Lonnie Johnson did much of his major work from 1925 to 1932. He was among the first guitarists to play single-string solos, and his energy, swing, melodic ingenuity and good taste were important elements in recordings by Louis Armstrong and Duke Ellington. Johnson's roller-coaster career spanned several decades before he died of injuries sustained after being hit by a car.
Alonzo "Lonnie" Johnson was born on February 8, 1899 in New Orleans, Louisiana, to a musical family. By his late teens, he displayed exceptional musical versatility, playing violin and, later, guitar in a family band. In 1917, Johnson joined a musical review that toured England. He returned in 1919 to find his entire family had succumbed to the flu epidemic of 1918. Only his brother, James "Steady Roll" Johnson, had survived.
In 1921, Johnson traveled to St. Louis with his brother, and over the next two years, performed on riverboat steamers with trumpeter Charlie Creath and pianist Fate Marable. During that time, he performed on the Vaudeville circuit with a wide range of musical acts. Johnson developed an innovative musical style that was both fluid and melodic, complimenting the backup instrumentation, but clearly setting him apart from other musicians.
In 1925, Johnson won a blues contest that was sponsored by Okeh Records and included a record deal. That same year, he met and married Mary Williams, who became a blues singer in her own right. The couple had six children and divorced in 1932.
Musical Success and Recognition
Between 1925 and 1932, Johnson wrote, arranged and recorded songs at an astonishing pace, many with major stars of the time, including Louis Armstrong, Duke Ellington and Eddie Lang. In addition to being a musical success, the Johnson-Lang collaboration was one of the first instances where an African American and a white musician performed together—a fact that Lang disguised on the record by using the pseudonym "Blind Willie Dunn."
In the 1930s and '40s, Johnson's music matured and transitioned from blues to jazz, reflecting influences from Delta bluesmen and urban musicians. His improvisations featured one-string solos that would become a staple for electric blues, rock and jazz performers in later years. Johnson's compositions often depicted social conditions affecting urban African Americans at the time, capturing the nuances of male-female romances and displaying an insightful understanding of emotional pain.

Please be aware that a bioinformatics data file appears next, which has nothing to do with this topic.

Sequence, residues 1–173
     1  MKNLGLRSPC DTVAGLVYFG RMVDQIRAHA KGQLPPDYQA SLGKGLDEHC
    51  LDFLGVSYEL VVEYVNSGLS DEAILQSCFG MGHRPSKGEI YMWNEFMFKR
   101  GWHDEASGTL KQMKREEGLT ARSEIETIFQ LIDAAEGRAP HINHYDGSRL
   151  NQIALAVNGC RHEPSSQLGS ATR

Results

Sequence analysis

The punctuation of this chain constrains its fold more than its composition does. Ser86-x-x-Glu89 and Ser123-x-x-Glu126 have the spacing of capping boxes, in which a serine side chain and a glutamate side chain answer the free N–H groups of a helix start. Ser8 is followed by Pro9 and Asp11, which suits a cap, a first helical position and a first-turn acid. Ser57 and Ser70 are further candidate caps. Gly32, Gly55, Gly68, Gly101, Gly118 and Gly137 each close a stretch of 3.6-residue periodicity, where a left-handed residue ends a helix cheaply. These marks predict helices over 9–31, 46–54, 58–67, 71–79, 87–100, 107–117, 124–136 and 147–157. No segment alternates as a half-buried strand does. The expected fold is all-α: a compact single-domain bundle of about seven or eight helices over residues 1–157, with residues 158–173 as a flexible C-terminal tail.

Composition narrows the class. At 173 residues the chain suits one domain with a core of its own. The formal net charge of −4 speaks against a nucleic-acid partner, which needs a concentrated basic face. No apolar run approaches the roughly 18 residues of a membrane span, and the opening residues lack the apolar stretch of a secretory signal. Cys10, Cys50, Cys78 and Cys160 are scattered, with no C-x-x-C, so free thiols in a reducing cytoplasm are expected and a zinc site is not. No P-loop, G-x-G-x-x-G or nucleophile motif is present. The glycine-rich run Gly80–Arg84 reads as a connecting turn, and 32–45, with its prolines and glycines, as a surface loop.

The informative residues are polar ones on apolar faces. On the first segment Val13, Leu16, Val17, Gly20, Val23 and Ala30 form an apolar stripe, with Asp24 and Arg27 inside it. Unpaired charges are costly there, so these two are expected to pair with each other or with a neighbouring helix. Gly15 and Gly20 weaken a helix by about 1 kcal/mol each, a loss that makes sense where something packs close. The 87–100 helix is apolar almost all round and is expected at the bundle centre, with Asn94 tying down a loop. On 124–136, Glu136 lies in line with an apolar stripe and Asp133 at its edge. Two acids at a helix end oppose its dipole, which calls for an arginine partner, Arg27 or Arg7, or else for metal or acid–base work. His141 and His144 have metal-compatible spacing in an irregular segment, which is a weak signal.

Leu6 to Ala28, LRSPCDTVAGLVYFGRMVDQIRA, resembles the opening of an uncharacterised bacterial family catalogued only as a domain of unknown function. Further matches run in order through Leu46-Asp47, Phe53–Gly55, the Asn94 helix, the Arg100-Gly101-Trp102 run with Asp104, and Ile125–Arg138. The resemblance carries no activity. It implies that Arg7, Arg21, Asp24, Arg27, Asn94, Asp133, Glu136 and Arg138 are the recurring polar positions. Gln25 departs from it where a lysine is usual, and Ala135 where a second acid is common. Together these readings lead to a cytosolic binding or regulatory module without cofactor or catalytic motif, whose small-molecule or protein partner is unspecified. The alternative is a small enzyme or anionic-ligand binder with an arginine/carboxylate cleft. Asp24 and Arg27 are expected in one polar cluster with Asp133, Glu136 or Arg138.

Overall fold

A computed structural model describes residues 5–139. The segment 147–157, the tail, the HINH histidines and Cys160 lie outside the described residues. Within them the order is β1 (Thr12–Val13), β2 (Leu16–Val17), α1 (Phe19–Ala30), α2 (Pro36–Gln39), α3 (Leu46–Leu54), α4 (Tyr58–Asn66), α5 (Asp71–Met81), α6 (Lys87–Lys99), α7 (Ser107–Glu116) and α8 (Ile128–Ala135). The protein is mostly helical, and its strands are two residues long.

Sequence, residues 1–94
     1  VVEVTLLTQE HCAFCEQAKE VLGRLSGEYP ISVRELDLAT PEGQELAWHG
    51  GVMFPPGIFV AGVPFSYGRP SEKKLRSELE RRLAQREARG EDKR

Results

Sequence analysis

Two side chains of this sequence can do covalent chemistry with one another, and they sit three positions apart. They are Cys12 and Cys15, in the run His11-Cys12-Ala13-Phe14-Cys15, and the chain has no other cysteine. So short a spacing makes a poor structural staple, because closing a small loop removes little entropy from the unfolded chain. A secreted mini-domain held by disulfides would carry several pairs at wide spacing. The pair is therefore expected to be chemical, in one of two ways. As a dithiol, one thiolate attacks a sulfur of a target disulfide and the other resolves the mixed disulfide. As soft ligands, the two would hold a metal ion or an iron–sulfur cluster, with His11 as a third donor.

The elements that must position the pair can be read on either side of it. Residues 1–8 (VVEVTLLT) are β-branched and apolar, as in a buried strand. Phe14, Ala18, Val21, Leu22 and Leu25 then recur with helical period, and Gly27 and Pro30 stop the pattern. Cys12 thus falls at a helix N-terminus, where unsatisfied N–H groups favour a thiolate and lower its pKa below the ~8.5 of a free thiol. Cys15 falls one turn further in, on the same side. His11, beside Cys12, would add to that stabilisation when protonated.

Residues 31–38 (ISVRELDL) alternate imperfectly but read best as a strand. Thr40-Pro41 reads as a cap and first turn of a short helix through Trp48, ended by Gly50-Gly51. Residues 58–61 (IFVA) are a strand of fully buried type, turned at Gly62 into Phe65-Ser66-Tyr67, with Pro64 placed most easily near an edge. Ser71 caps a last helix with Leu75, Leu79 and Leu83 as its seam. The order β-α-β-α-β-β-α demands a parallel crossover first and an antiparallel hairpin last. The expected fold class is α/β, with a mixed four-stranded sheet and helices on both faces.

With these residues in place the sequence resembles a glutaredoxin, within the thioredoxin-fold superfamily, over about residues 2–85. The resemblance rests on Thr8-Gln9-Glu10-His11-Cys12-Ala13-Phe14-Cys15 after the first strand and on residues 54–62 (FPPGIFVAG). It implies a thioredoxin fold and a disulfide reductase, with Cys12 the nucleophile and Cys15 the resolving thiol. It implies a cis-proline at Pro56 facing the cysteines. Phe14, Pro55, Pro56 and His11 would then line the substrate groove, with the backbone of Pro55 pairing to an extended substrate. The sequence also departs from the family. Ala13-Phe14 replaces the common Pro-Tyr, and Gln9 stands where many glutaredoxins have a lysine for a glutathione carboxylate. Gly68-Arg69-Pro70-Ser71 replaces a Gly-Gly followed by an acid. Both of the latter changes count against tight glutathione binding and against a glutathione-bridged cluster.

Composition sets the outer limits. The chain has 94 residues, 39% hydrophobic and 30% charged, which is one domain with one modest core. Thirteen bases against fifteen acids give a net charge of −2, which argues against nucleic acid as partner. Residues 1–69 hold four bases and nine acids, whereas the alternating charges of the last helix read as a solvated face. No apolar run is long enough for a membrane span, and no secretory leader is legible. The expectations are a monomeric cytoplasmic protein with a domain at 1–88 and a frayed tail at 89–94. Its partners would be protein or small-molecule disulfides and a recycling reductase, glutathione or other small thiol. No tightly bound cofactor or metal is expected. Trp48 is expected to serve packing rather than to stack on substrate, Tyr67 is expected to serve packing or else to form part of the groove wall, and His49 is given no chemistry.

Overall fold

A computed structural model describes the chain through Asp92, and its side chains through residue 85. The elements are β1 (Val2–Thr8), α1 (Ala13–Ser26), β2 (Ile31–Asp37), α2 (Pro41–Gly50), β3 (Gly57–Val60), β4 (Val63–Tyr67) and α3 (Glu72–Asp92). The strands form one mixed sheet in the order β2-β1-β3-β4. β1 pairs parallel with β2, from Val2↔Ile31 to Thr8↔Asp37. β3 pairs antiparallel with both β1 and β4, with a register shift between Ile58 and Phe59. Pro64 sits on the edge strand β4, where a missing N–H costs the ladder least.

Throughout his roller-coaster career of great accomplishments and periods of inactivity, Johnson often had to take menial jobs to make ends meet. In the late 1950s, his musical style had fallen out of favor, so he took a job as a hotel janitor in Philadelphia. He was "rediscovered" in 1959 by disk jockey Chris Albertson, who produced a comeback album. A performance at Chicago's Playboy Club and successive gigs brought him out of obscurity at a fortuitous time, when young audiences were embracing jazz and folk music.
In 1963, Johnson toured Europe as part of the American Folk Blues Festival with an all-star cast, including Muddy Waters, Sonny Boy Williamson and Big Joe Williams. In 1965, after a brief period of obscurity, he traveled to Toronto, Canada and played a few small nightclub gigs. Word spread quickly and he played more, eventually taking up residence in Toronto and playing at several local clubs in Canada for the rest of the decade.
In March of 1969, Johnson was hit by a car in Toronto and suffered serious injuries, from which he never fully recovered. He died on June 16, 1970. Johnson's music was an inspiration to both blues and jazzmen. In the span of forty years, he made nearly 500 recordings, and left an indelible mark on modern American music.
We strive for accuracy and fairness. If you see something that doesn't look right, contact us!